Catholic groups join protest against gun violence at March for Our Lives
Hundreds of thousands of protesters, including many Catholic groups, flooded Pennsylvania Avenue in Washington, D.C., on Saturday to show solidarity with those working for gun control. The March for Our Lives turned into more of a rally here because of the large number of participants. People of all ages came to listen to victims of gun violence call for a ban on assault weapons, among other measures. Parishes in Washington, D.C., Maryland and Virginia sent large contingents to the rally. The Associated Press has reported that the crowd in Washington “rivaled the women's march last year that drew far more than the predicted 300,000.” There were other March for Our Lives events on Saturday across the United States.
Renewed support for gun control has been driven by students across the country, inspired by survivors of the mass shooting at Marjory Stoneman Douglas High School in Parkland, Fla., that claimed 17 lives. While the March for Our Lives was spearheaded those survivors, many participants had their own stories to tell about how gun violence had affected their lives.
The night before the march, the Social Justice Committee of Holy Trinity Catholic Church, in the Northwest section of Washington, hosted a poster-making session for those planning to attend. Parishioner Annie Hisle explained why she thought so many Holy Trinity parishioners were participating in the rally. “It’s not what you’re against, but what you value,” she said. “We value children.”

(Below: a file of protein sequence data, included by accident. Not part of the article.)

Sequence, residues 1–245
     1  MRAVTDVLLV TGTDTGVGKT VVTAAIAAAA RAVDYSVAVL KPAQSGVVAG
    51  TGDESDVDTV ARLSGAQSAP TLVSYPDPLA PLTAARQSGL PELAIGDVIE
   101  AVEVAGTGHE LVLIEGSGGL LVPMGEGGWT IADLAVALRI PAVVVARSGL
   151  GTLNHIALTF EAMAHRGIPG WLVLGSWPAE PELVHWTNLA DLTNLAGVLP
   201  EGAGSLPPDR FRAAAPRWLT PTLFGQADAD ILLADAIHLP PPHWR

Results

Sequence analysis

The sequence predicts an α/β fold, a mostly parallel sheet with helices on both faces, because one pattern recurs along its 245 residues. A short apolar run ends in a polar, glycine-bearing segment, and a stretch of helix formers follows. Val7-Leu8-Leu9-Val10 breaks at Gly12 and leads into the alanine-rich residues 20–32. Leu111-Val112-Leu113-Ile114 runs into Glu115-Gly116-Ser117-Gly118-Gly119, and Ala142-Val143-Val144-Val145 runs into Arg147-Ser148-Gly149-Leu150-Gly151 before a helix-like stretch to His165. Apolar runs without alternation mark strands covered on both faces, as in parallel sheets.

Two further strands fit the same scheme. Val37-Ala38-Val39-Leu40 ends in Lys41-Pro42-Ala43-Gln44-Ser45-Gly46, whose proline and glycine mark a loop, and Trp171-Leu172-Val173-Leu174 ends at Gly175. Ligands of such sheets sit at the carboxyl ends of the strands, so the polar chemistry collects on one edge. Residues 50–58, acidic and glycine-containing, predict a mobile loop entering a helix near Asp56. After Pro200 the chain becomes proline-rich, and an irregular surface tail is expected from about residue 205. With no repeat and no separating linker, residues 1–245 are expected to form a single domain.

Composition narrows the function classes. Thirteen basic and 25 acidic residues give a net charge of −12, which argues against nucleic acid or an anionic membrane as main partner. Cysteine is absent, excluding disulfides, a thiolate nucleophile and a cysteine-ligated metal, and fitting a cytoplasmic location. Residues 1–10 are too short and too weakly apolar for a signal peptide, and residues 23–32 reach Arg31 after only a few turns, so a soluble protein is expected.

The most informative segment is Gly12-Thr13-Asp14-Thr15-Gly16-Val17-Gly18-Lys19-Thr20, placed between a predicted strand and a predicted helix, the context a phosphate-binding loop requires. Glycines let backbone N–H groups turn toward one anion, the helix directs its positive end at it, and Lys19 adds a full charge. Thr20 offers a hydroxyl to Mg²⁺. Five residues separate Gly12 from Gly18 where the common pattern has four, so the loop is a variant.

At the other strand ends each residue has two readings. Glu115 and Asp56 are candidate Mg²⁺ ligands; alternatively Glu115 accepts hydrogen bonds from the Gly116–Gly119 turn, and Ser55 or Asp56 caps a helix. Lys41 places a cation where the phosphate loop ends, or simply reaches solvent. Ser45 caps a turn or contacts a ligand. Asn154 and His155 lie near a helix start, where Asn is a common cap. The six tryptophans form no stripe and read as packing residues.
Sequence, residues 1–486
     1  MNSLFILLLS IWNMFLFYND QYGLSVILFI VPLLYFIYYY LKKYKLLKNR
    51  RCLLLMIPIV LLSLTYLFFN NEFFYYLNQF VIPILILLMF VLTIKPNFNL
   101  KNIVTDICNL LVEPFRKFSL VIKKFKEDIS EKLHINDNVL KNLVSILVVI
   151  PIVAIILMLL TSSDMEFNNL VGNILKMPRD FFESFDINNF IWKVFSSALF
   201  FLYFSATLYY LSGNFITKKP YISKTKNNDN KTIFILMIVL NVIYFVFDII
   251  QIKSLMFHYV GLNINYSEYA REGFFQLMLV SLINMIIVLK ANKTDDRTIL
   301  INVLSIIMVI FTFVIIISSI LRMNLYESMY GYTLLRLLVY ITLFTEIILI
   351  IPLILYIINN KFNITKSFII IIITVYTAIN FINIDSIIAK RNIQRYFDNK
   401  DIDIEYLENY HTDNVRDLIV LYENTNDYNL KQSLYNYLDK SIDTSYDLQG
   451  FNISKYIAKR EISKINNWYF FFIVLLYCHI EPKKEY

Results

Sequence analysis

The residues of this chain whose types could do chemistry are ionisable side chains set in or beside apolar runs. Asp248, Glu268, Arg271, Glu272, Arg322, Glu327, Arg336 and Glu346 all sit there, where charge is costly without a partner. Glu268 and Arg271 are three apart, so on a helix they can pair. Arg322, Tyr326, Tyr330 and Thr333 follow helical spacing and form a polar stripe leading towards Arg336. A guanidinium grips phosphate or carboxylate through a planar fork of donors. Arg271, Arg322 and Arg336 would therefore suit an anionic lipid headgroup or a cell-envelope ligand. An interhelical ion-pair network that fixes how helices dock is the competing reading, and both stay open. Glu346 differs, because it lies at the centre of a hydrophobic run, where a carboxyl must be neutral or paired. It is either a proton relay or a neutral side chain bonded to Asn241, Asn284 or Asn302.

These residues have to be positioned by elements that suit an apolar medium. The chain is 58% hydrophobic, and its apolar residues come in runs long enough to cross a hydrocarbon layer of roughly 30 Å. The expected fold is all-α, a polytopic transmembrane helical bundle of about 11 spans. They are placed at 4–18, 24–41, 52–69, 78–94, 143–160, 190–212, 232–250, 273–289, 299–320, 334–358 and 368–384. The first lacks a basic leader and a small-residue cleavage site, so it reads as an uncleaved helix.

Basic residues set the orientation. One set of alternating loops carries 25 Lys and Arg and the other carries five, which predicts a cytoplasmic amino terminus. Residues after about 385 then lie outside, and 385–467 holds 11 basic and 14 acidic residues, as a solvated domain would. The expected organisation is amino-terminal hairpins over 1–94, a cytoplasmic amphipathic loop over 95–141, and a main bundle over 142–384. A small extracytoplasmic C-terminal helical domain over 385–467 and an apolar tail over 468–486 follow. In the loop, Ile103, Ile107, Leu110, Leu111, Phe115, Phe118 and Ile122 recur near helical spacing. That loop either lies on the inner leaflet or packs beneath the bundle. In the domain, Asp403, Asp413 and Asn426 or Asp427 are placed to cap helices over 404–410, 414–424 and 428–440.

Ten-year-old Maria Cristina Restrepo* made a sign for her 13-year-old sister that read, “Arms are meant for hugging.”
“I think it’s bad killing anyone, but especially kids,” she said. “A lot of the Catholic religion is about being peaceful and helping others, and this is a way of helping others, making sure that [the Parkland school shooting] doesn’t happen again, that more people don’t die.”
“Life is sacred, and that means that our kids’ lives need to be fought for.”
Lisa Bolejack, who planned to march with her 10- and 12-year-old children, struggled to find the right words for her sign. She chose the word “Enough” in bold red letters. “Life is sacred, and that means that our kids’ lives need to be fought for,” she said. “I have two kids, but I’m marching for them all.” Ms. Bolejack said she was glad to march with a group from her church. “I felt that that would be a good way to tie my faith and what I believe about being a good Christian and just a good person [together],” she said. “It’s a commandment: Thou shalt not kill.”
High school seniors Penelope Nicoli-Drossos and Clara Puente planned to attend the march together. On her poster, Ms. Puente wrote, “1 child is worth more than all the guns on earth.”
“I chose it because I think it’s what the issue is about…. It’s an issue about people and an undeniable right that is their right to live,” she said.
Meg, a military spouse, told the story of her son’s first birthday. When an active shooter came onto the base where her son’s daycare center was, she was prevented from getting to her infant for four hours. “I don’t need to have that happen ever again,” she said, adding, “wanting to protect lives is a very Catholic issue…. Sometimes we get fixated on the life of an unborn child versus the lives of all these children who are born and out there in the world. I think it’s crazy to focus on one and not the other.”